Western Ballet performs this weekend  at Smithwick Theatre in Los Altos Hills

Western Ballet performs this weekend at Smithwick Theatre in Los Altos Hills


Courtesy of Alexi Zubiria
Western Ballet’s “La Fille Mal Gardée” features Alison Share and Maykel Solas. The production runs Friday and Saturday at Foothill College

Western Ballet is slated to perform “La Fille Mal GardéeR...

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Spiritual Life

Magazine

A yoga class a day keeps the stress away

A yoga class a day keeps the stress away


Van Houtte/Town Crier Yoga of Los Altos hosts a variety of classes, including Strong Flow Vinyasa, above, taught by Doron Hanoch. Yin Yoga instructor Janya Wongsopa guides a student in the practice, below.

It’s nearly 9 a.m. on a Monday mornin...

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Work would be great if it weren't for the people

Jean on the Job

Have you heard the sentiment in this title before? "I sure could get some work done if it weren't for the people around me." Or "I do just fine when no one interrupts me ... or interferes ... or wants information ... or suggests anything ... or wants it their way."

There is a new book out by Ronna Lichtenberg, called "Work Would Be Great If It Weren't For the People." Cleverly, she included a jacket undercover which you can switch if the boss comes along. Dan O'Donnell, my Rotary colleague, loaned me the book. The inside cover is called "Another Great Day at the Office; Winning Strategies for Working with the Wise and Wonderful."

Of course, it is easier for some people to work alone. They seem to think it is more efficient just to make one decision - not a consensus one, or a majority one or a democratic one. If you find yourself bothered by the people around you, take a look at your working style. If you do live in a collaborative world that requires cooperation and sharing data, it is as important to learn to get along with your colleagues as it is to learn the content and processes of your tasks.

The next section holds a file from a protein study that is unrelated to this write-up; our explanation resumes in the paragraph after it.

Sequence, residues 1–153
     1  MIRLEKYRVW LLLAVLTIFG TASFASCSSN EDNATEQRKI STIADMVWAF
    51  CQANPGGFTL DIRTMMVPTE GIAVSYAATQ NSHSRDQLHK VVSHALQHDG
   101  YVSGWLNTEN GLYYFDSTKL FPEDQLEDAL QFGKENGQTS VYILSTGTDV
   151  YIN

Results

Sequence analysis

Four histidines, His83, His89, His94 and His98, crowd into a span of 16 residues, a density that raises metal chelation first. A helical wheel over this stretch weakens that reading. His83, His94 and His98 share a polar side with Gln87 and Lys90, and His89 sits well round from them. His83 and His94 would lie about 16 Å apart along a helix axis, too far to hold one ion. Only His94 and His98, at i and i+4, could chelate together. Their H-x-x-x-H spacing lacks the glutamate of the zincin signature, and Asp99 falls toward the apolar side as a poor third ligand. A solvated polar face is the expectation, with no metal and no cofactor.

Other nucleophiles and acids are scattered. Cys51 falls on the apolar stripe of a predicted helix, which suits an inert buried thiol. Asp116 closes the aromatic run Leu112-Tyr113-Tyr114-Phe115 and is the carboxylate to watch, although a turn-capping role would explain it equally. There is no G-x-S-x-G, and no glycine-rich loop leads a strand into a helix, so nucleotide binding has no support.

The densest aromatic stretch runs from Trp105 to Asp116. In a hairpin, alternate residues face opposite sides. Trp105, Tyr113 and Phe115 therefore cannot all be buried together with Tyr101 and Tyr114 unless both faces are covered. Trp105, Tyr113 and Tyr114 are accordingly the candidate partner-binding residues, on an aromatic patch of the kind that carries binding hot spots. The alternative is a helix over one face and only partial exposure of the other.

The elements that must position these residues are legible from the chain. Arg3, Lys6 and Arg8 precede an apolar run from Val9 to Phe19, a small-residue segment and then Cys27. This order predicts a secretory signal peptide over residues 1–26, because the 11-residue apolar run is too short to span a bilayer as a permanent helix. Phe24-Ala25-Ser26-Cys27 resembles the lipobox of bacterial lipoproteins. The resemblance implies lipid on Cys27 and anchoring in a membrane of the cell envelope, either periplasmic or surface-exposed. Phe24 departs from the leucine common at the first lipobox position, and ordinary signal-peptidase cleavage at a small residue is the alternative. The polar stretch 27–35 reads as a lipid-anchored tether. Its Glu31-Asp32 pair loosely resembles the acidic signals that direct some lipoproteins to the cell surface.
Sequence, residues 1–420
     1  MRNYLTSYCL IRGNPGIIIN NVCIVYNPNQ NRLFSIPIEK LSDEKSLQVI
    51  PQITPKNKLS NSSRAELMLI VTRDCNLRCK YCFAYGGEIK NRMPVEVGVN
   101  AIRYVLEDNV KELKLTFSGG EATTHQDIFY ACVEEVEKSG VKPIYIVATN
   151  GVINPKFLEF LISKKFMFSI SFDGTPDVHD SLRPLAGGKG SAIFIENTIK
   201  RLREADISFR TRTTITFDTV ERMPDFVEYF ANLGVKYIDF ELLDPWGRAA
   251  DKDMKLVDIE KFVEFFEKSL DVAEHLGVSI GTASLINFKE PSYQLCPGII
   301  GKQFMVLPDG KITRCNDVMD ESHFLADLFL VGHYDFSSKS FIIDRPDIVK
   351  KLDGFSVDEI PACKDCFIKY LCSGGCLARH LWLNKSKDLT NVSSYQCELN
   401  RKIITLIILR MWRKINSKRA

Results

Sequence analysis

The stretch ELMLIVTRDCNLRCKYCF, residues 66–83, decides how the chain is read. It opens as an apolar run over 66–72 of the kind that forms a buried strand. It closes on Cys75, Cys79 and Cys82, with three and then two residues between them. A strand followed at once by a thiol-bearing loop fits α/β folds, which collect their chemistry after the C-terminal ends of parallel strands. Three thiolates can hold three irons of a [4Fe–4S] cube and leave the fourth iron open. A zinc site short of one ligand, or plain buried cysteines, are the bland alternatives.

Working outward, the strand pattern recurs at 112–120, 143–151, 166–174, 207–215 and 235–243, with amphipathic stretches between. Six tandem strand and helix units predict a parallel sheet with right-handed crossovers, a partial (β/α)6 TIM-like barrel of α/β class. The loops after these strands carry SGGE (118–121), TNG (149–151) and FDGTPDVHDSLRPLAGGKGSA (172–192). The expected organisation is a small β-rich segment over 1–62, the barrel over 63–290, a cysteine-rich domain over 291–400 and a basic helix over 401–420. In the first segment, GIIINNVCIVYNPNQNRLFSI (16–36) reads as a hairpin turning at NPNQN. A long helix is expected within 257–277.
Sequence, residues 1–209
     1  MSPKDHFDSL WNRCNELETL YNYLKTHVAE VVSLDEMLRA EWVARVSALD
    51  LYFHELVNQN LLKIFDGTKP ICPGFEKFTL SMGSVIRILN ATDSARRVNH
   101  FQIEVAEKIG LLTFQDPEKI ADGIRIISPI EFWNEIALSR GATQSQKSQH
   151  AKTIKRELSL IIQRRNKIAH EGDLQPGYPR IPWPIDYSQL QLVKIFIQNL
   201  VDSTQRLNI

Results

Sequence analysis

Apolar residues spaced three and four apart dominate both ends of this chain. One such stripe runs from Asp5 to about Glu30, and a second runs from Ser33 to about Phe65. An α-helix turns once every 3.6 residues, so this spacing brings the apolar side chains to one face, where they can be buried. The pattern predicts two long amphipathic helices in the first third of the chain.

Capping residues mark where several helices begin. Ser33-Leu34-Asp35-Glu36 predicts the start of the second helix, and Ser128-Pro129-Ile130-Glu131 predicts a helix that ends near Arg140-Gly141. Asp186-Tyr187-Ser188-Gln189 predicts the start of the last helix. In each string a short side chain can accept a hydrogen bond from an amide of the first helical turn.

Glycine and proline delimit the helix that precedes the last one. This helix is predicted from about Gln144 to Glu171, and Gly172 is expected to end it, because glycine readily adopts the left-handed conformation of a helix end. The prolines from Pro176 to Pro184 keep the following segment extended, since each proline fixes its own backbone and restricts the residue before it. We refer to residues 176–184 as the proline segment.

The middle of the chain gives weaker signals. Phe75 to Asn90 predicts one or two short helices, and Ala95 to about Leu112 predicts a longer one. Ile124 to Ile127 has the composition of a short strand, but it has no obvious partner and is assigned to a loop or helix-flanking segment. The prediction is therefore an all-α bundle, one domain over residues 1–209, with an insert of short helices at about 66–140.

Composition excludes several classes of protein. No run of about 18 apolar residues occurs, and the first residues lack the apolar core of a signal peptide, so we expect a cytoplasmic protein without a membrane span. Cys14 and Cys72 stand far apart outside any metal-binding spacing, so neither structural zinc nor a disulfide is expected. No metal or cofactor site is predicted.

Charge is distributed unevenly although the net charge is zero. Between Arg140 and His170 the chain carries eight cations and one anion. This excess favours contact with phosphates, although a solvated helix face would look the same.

The triple trap for the introverted worker is 1.) that his internal processing slows down or masks the big picture for others; 2.) He doesn't really want to explain the way his mind works; and 3.) He feels frustrated by having to process out loud.

I hear too late: "But we told John to make people as important as his projects." John didn't get it. He saw his colleagues as interference and he just couldn't accept that two or 12 heads were better than his own. Brainstorming does take time. Persuading others does take time. Compromising does take time. Being a good listener does take time. In the long run, however, a cooperative project or decision is more efficient. You get consensual buy-in. Everyone knows why you have made the decision. Everyone knows how the decision came about. Nearly everyone will want to cooperate with the decision, even when it was not his or her own idea.

Without consensual decisions, your ideas must withstand the backlash, sabotage, and the misunderstanding around it, and the possible multiple directions which an unclear goal creates.

If you don't love working with people, ask others to try to understand your impatience. This means explaining yourself, of course. The very thing you hate to do! But do it anyway. Sit folks down and tell them what an independent thinker you are and ask them to be patient with your frustration. You can even ask to have your own way now and then, just for the heck of it. Encourage others to remind you when you seem to be doing solo again, and ask them to give you updates on how you are doing.

Jean A. Hollands, CEO, Growth & Leadership Center, was voted Business Woman of the Year in 1986 and 1996. Write to GLC, 1451 Grant Road, Mountain View, 94040.